Title VII of the Civil Rights Act of 1964 prohibits employment discrimination on the basis of sex, but does that include sexual orientation? Courts and federal agencies have been split on the issue, but the Supreme Court will get the opportunity to issue a decisive ruling, should they choose to hear the case of Jameka Evans.
Evans faced harassment while working at Georgia Regional Hospital in 2013, allegedly because she is a lesbian. According to her petition for certiorari, filed with the Supreme Court on Thursday, she wore a male uniform while on the job and had a short haircut. She alleges that her supervisors harassed her, gave her undesirable work schedules, was overlooked for promotion, and was singled out for disciplinary purposes because of her sexuality.
Evans claims that she first realized her treatment was due to her being gay after she complained to human resources, and an HR official asked her what her sexual orientation is. She eventually quit her job after “the unbearable discriminatory working conditions persisted.” She then sued the hospital, representing herself, claiming that she was targeted because her “status as a gay female did not conform to . . . gender stereotypes associated with women,” and because she didn’t “carry herself in a ‘traditional woman[ly] manner.’”
The U.S. District Court in the Southern District of Georgia dismissed Evans’ case, saying Title VII doesn’t apply to sexual orientation. Pro-LGBT group Lambda Legal took on the case on appeal, but they didn’t fare any better. The Eleventh Circuit ruled against Evans, with a split panel ultimately relying on a 1979 case where the Eleventh Circuit that said terminating an employee for their sexual orientation isn’t covered by Title VII. Without an overruling by the entire circuit court or the Supreme Court saying otherwise, the majority opinion was to follow that precedent. The panel did, however, agree that discrimination based on a person’s behavior not conforming with gender norms was protected.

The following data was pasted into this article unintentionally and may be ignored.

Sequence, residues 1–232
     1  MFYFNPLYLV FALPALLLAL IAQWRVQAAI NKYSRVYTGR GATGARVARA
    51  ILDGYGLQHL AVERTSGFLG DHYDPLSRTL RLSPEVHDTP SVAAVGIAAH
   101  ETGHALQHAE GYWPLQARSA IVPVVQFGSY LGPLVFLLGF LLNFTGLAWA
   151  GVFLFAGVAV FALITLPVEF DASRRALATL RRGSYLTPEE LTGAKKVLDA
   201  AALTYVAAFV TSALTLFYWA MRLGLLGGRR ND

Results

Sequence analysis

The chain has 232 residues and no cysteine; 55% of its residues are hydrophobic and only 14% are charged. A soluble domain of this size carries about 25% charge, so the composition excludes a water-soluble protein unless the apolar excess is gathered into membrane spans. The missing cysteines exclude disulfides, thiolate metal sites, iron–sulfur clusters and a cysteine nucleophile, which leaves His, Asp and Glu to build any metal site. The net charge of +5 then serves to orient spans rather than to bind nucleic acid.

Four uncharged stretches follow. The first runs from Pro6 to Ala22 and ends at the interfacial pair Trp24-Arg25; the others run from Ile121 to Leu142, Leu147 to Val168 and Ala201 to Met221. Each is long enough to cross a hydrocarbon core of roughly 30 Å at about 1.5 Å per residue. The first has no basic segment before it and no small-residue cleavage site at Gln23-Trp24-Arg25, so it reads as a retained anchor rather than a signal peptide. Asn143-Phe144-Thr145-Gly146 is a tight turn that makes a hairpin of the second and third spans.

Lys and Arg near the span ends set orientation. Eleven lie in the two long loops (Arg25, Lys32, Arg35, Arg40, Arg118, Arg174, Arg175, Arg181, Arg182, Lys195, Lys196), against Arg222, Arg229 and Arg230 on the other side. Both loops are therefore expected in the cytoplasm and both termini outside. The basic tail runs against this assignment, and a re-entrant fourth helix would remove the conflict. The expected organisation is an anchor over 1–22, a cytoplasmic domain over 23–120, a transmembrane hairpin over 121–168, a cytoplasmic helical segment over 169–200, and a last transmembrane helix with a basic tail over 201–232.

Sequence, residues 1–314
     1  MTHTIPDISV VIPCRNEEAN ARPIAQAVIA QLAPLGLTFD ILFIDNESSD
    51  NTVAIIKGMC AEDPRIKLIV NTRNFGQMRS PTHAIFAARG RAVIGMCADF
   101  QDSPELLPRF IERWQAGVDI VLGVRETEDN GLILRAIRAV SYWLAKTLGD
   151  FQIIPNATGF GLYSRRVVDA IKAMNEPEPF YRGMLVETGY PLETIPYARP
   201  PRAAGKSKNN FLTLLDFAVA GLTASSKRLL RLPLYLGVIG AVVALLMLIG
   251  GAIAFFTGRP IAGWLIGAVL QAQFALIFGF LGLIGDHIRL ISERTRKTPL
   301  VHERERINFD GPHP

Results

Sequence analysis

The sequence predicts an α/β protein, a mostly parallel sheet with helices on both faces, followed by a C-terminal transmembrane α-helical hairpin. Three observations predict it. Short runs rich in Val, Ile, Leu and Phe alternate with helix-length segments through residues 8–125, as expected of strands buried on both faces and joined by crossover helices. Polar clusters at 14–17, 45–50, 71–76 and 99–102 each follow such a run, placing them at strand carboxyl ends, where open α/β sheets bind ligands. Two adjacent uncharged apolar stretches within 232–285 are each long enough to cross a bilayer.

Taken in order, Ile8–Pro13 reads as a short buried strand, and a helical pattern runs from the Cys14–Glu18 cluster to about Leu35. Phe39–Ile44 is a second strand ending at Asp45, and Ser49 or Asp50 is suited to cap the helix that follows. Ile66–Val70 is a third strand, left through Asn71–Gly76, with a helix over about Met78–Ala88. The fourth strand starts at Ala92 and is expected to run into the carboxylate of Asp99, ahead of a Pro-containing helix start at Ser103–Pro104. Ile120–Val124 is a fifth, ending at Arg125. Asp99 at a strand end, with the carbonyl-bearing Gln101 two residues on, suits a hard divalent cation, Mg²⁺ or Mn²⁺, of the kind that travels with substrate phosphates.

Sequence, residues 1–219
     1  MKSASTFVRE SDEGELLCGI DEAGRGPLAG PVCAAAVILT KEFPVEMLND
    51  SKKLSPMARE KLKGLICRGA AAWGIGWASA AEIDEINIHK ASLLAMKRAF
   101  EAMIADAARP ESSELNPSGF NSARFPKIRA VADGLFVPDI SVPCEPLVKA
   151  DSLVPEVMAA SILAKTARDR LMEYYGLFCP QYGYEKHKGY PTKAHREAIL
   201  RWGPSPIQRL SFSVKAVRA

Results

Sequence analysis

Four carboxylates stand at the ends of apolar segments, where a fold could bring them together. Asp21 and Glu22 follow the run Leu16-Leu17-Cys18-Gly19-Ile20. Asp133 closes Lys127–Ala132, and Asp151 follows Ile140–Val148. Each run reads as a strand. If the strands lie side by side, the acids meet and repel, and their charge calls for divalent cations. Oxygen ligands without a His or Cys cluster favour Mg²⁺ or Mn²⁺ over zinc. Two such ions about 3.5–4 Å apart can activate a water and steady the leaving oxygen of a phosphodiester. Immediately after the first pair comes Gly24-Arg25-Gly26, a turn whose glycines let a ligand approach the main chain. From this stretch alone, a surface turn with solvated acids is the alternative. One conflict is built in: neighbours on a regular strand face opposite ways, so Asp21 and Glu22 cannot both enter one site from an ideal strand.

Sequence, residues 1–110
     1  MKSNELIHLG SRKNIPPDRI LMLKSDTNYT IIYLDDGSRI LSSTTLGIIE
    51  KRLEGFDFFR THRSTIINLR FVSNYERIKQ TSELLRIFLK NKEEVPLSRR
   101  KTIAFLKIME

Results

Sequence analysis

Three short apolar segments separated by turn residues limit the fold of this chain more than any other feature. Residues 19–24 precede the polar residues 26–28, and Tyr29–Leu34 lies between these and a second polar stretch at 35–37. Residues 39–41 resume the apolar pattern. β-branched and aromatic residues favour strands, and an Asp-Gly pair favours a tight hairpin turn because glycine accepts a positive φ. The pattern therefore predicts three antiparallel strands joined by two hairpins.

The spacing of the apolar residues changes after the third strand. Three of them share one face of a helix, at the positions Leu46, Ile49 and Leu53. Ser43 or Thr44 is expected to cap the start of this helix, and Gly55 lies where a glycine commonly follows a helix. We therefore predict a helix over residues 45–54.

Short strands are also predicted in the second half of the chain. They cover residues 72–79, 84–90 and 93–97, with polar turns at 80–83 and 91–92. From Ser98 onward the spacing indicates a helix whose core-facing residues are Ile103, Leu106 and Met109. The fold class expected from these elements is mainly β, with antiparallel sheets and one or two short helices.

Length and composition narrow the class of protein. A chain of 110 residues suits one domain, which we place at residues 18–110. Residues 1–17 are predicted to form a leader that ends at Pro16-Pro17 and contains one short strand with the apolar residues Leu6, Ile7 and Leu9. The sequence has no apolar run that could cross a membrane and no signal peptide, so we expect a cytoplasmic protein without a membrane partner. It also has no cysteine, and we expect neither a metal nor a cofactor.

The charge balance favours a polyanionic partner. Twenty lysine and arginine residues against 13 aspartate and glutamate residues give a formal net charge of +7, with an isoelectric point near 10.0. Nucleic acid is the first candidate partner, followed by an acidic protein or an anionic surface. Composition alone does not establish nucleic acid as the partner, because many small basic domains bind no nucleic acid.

Evans, sought an en banc ruling from the entire Eleventh Circuit, hoping they would rule in her favor on the sexual orientation issue, but they turned her down. Now, with the help of Lambda Legal, Evans is hoping the Supreme Court will hear her case.
This is an opportunity for SCOTUS to reach a landmark decision, regardless of how they rule. While the Eleventh Circuit ruled against Evans, the Seventh and Second Circuits ruled the other way in a separate case earlier this year. Meanwhile, the Justice Department has held that Title VII doesn’t apply to sexual orientation, while the Equal Employment Opportunity Commission treats such cases the same as sex discrimination matters. At this point, it’s up to the Supreme Court to clarify the issue.
If SCOTUS hears Evans’ case and decides in her favor, it would be a huge step forward for LGBT rights, offering people judicial protection from discrimination based on their sexual orientation. If they rule against her, it would still provide a definitive answer to a pressing legal question. If it turns out that Title VII does not apply to these situations, it would be up to Congress to pass new legislation that would address them.
In the meantime, Evans and others will have to hope that the Supreme Court takes the case so that a definitive resolution can be reached.